GRAND RAPIDS. MICH. - Often one of the largest battles we have with our loved ones when it comes to healthcare is getting them to accept the assistance they need. Many are not happy having to accept assistance from others to do what were once everyday tasks.
Because of that, it is easier to accept help from family or friends rather than a program designed for their needs. However, that can place an undue burden on those around them.
There are a lot of different types of services available that range from help with housekeeping, personal care, medication management, home delivered meals, and more. When family members and friends hear about these services, it can feel encouraging, exciting, and even relieving, knowing that some support is available. However, the individual may not view these services as support and they may not be receptive to participating with the service or program.
In-home services typically include involve a professional caregiver coming into their home from an agency. There may already be some worry that the person feels about his or her changing condition, and adding a new individual into the routine can make the person feel even more vulnerable.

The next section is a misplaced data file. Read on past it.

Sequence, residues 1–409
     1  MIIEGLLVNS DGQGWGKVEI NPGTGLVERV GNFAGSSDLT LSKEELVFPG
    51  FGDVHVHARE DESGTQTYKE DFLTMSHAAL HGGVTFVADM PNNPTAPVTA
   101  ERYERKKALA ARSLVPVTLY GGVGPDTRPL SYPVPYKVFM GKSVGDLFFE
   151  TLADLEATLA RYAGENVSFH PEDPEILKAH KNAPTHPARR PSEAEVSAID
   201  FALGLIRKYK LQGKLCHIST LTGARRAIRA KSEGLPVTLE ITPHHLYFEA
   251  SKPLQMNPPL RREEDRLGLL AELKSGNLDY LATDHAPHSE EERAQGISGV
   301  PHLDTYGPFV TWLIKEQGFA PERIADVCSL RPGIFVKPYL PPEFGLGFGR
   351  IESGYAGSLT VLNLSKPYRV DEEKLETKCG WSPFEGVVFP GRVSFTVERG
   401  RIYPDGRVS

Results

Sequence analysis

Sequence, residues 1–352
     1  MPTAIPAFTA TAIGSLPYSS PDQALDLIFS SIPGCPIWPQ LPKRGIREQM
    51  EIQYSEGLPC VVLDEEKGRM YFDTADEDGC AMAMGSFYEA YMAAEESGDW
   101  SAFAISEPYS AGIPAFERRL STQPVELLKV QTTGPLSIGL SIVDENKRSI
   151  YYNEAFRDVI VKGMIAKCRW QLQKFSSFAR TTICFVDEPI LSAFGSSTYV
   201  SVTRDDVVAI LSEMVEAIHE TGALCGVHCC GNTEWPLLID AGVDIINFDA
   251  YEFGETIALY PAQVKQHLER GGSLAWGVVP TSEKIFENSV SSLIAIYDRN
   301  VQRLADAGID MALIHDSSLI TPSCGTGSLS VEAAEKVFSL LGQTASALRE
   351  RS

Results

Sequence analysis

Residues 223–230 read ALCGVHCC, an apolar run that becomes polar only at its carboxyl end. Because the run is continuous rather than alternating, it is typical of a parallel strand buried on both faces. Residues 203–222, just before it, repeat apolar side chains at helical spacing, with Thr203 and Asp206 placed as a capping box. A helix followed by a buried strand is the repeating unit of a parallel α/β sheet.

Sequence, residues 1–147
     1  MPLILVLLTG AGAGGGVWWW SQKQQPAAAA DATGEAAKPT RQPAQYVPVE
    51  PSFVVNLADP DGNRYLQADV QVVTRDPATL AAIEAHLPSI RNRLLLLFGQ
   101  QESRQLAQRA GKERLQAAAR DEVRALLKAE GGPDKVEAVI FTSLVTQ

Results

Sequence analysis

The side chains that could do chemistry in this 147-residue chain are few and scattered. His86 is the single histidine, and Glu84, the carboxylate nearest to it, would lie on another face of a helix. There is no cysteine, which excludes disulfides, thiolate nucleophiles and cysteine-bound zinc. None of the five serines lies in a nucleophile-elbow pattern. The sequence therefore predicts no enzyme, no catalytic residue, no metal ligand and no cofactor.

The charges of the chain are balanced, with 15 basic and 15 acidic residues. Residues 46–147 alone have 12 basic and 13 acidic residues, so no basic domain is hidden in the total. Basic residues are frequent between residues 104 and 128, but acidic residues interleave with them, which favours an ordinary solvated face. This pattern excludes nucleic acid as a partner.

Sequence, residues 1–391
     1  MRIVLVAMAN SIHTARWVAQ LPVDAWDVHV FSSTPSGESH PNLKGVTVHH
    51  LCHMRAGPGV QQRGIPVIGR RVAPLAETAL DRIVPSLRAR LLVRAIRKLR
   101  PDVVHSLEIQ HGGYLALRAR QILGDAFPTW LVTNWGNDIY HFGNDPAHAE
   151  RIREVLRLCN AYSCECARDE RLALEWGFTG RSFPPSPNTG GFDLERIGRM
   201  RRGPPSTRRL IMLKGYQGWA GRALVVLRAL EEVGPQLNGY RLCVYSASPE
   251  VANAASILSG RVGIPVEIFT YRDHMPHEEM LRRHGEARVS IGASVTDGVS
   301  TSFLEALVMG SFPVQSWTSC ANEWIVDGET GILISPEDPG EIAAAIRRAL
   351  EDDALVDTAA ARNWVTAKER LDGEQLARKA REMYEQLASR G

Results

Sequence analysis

Cost is another problem. People often worry about what in-home care will cost, and if services are something that will be affordable for them. People may be resistant to care if they feel they are obligated to pay for a service without first knowing what is provided and how that will help them long-term.
The Area Agency on Aging of Western Michigan can help people explore what resources may be applicable to their unique situation and help them get connected with services. AAAWM has professionals who can help individuals become more knowledgeable about resources and services available to them, and assist in planning for care before a crisis occurs.
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